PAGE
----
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Cisco Employee

netsim kills ncs daemon

Hi team

I reecently upgraded my NCS 3.4 -> 3.4.1 -> 3.4.2 and have noticed that the NCS daemon will die as soon as I bring up netsim. Without netsim up, NCS tends to stay up.

Has anyone else experienced this ?

netsim kills.png

Thanks,

Nick Khemani

Everyone's tags (3)
1 ACCEPTED SOLUTION

Accepted Solutions
Cisco Employee

Re: netsim kills ncs daemon

It's a bit of bad naming here, it's not the NCS daemon that dies.
This you can easily verify by calling,

$ ncs --status

And it'll say that all is fine.

The misleading nomenclature here is the word "daemon" and it refers to a data provider, in your case, AluSrDp and it is apparently misbehaving so bad, so that it brings down the entire JVM with possibly additional packages too.
The NCS daemon itself isn't JVM, it's the Erlang VM

Check your java logs, and also devel.log which may contain clues.

Background:

The name daemon here goes all the way back to when we only had ConfD and no NCS. The API, the data provider API is still the same. Same both for ConfD and NCS. At the time, a data provider was a C-program, running on a router, providing stats callbacks.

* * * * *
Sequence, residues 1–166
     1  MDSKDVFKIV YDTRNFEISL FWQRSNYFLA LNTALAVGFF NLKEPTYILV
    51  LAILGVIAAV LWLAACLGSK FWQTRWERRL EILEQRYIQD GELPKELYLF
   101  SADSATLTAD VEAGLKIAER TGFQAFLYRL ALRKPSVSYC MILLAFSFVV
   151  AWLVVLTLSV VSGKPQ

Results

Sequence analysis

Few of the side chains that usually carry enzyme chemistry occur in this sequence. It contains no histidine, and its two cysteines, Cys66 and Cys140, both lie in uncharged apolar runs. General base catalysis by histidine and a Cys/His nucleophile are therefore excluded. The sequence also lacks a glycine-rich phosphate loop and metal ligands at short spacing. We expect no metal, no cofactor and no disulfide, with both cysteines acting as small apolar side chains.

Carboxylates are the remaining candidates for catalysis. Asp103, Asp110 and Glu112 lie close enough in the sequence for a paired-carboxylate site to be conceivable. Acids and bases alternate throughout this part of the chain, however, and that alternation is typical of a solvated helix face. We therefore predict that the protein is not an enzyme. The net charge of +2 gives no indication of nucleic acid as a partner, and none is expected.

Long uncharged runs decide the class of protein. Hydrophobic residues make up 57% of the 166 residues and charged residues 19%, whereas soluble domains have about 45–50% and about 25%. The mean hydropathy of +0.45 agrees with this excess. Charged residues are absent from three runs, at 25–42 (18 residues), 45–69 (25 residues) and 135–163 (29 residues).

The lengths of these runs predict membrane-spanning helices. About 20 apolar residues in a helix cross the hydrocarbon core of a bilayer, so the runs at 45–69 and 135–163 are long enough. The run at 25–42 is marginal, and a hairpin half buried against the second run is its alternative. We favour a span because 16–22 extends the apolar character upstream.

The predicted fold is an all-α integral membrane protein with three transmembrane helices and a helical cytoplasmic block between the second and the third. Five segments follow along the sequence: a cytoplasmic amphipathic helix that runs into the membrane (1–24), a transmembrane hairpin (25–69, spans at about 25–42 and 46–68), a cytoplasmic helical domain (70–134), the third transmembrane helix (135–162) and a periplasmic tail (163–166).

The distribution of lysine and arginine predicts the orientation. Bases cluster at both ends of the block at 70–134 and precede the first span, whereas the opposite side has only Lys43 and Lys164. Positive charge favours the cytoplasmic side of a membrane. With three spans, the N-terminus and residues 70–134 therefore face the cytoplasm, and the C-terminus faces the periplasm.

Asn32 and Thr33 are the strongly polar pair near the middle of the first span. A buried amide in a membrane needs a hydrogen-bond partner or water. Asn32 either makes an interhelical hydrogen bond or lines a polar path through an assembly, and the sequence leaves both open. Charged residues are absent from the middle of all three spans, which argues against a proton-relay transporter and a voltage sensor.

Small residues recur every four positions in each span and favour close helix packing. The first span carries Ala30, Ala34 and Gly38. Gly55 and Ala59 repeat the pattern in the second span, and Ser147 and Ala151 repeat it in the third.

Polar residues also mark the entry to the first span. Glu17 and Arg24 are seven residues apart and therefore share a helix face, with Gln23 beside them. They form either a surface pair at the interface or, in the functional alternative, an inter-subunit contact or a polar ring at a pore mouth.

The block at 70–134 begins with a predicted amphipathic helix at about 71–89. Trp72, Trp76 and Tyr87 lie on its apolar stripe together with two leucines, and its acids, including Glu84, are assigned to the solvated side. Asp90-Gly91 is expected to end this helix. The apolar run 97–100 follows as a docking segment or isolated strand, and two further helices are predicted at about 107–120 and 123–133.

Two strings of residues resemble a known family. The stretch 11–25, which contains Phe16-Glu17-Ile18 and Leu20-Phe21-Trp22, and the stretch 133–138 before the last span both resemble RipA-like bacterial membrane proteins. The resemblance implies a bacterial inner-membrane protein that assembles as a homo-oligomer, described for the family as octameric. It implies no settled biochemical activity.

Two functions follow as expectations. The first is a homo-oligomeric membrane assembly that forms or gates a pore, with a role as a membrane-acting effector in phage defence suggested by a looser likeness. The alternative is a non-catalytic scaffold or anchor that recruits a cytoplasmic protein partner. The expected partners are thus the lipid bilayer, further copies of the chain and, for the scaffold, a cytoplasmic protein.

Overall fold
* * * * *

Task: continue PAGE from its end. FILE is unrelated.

Usually an internal router "daemon"
Probably named so in 2006 or something.

/klacke

View solution in original post

1 REPLY 1
Cisco Employee

Re: netsim kills ncs daemon

It's a bit of bad naming here, it's not the NCS daemon that dies.
This you can easily verify by calling,

$ ncs --status

And it'll say that all is fine.

The misleading nomenclature here is the word "daemon" and it refers to a data provider, in your case, AluSrDp and it is apparently misbehaving so bad, so that it brings down the entire JVM with possibly additional packages too.
The NCS daemon itself isn't JVM, it's the Erlang VM

Check your java logs, and also devel.log which may contain clues.

Background:

The name daemon here goes all the way back to when we only had ConfD and no NCS. The API, the data provider API is still the same. Same both for ConfD and NCS. At the time, a data provider was a C-program, running on a router, providing stats callbacks.

Usually an internal router "daemon"
Probably named so in 2006 or something.

/klacke

View solution in original post

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